- H. Lutkepohl and M. Kraetzig, Applied Time Series Econometrics, Cambridge University Press, Cambridge, UK, 2004.
- S. Suleiman, M. A. Alabi Issa, U. Usman, and U. Adamu, “Modeling and forecasting the crude oil price in Nigeria,” International Journal of Novel Research in Marketing Management and Economics, vol. 2, no. 1, pp. 1–13, 2015.
- C. Uwilingiyimana, J. Munga’tu, and J. D. Harerimana, “Forecasting inflation in Kenya using ARIMA—GARCH models,” International Journal of Management and Commerce Innovations, vol. 3, no. 2, pp. 15–27, 2016.
- D. Kwiatkowski, P. C. Phillips, P. Schmidt, and Y. Shin, “Testing the null hypothesis of stationarity against the alternative of a unit root,” Journal of Econometrics, vol. 54, no. 1–3, pp. 159–178, 1992.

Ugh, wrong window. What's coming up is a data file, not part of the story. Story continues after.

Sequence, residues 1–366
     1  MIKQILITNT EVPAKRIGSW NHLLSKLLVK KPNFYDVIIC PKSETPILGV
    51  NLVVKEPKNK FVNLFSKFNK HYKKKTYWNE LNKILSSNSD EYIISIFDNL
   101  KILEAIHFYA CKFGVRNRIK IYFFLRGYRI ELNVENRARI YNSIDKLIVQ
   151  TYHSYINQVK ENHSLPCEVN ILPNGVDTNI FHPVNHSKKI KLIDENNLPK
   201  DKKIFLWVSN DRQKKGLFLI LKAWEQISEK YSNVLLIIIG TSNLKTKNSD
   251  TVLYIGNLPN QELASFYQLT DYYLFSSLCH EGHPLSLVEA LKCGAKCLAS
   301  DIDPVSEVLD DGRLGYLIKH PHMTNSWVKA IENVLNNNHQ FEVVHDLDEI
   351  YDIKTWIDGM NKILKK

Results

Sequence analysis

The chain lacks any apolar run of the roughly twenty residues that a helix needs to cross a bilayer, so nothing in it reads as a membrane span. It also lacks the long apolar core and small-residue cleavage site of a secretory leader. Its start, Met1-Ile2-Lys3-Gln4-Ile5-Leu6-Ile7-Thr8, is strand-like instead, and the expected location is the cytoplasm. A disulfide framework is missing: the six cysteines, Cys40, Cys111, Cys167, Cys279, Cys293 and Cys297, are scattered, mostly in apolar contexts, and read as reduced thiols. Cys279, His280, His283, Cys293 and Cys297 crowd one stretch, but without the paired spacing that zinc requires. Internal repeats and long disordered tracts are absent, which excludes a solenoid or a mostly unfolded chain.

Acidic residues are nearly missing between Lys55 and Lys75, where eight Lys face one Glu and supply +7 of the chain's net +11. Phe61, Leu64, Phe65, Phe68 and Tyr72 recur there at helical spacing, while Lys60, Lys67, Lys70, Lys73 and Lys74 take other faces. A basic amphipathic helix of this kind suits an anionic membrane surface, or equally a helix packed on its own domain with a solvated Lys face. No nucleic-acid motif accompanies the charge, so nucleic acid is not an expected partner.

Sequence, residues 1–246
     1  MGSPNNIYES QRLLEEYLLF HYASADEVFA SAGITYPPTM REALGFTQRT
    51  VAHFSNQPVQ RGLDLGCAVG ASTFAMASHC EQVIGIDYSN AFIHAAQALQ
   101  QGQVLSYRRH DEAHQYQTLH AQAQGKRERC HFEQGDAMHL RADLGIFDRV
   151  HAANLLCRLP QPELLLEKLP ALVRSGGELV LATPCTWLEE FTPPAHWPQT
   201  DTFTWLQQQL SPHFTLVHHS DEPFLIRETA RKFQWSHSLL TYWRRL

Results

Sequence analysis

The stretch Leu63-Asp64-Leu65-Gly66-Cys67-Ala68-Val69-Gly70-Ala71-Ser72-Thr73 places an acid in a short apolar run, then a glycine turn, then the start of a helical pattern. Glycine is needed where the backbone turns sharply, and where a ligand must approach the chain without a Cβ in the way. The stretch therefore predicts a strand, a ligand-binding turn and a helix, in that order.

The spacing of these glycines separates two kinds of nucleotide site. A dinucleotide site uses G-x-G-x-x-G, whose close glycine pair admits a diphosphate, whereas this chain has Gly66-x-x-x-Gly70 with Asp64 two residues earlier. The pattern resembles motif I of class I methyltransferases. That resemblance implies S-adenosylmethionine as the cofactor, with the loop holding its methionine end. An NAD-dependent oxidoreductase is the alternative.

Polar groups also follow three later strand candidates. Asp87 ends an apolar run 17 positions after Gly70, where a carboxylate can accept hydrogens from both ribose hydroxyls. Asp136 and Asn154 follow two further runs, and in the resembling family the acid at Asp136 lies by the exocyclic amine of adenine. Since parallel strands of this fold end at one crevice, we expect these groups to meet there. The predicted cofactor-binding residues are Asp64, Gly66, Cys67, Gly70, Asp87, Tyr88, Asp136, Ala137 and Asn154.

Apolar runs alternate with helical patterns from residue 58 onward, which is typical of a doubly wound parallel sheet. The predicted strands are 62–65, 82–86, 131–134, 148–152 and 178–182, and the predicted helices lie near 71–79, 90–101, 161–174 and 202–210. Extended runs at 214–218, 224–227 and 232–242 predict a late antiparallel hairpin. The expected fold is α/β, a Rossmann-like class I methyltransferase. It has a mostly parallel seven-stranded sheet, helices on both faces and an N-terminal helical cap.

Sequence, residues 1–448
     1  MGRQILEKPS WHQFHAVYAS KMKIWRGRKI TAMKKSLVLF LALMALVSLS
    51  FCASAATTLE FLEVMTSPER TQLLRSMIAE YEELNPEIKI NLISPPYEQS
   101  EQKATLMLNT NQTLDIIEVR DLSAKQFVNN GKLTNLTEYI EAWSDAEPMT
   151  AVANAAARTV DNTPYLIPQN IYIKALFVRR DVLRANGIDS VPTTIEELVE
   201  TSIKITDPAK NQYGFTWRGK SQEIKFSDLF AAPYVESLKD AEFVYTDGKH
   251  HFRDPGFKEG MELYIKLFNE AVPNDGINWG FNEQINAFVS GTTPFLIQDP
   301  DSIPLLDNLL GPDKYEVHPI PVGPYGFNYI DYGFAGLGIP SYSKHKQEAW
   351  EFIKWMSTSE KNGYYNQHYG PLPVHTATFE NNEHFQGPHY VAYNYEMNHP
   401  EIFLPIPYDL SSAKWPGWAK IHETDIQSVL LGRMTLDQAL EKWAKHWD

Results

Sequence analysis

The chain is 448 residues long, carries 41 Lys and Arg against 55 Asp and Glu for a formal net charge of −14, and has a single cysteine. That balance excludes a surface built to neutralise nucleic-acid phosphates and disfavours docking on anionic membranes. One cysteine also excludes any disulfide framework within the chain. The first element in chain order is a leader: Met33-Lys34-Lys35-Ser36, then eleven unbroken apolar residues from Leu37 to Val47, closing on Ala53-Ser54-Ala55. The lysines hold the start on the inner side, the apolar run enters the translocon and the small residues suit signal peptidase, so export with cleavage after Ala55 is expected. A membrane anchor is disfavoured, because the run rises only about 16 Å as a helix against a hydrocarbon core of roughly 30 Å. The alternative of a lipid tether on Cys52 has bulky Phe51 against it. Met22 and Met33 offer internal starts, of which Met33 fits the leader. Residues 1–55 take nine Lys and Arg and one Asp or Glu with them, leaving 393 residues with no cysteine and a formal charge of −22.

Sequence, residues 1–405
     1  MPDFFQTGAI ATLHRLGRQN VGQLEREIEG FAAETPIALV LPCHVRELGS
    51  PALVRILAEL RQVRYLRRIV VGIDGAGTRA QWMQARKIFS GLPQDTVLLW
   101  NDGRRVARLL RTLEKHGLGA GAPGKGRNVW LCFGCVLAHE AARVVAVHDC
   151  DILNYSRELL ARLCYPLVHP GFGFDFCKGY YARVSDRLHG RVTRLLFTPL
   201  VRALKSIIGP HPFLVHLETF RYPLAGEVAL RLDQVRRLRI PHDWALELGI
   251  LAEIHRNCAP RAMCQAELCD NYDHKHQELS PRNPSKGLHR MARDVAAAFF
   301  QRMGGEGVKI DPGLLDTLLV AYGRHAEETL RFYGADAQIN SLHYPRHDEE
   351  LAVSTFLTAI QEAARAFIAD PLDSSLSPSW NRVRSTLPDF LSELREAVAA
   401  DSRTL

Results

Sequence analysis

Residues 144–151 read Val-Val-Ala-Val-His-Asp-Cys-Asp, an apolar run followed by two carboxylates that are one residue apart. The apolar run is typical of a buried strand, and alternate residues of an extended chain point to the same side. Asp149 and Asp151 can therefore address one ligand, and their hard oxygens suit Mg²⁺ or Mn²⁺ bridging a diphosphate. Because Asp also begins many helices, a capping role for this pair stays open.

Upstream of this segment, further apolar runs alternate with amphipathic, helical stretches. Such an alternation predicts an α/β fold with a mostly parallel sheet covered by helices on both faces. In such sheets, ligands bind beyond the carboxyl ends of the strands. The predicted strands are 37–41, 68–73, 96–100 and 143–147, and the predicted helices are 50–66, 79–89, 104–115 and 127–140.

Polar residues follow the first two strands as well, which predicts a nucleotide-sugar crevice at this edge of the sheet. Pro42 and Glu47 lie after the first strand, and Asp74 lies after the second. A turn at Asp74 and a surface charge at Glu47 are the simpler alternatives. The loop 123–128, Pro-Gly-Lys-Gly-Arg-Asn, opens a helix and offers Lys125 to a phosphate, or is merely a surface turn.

- V. Malik, “ARIMA/GARCH (1,1) modelling and forecasting for a Ge stock prices using R,” Asia Pacific Journals, vol. 8, no. 1, pp. 2349–2317, 2017.
- R. Adhikari and R. K. Agrawal, An Introductory Study on Time Series Modeling and Forecasting, LAP Lambert Academic Publishing, Saarbrücken, Germany, 2013.
- R. Tsay, Analysis of Financial Time Series, Wiley, Hoboken, NJ, USA, 2nd edition, 2005.
- C. Francq and J. Zakoїan, GARCH Models Structure, Statistical Inference and Financial Applications, Wiley, Hoboken, NJ, USA, 1st edition, 2019.
- F. Iqbal, “Diagnostic test for GARCH models based on absolute residual autocorrelations,” Pakistan Journal of Statistics and Operation Research, vol. 9, no. 2, pp. 171–180, 2013.
Copyright © 2020 Roshani W. Divisekara et al. This is an open access article distributed under the Creative Commons Attribution License, which permits unrestricted use, distribution, and reproduction in any medium, provided the original work is properly cited.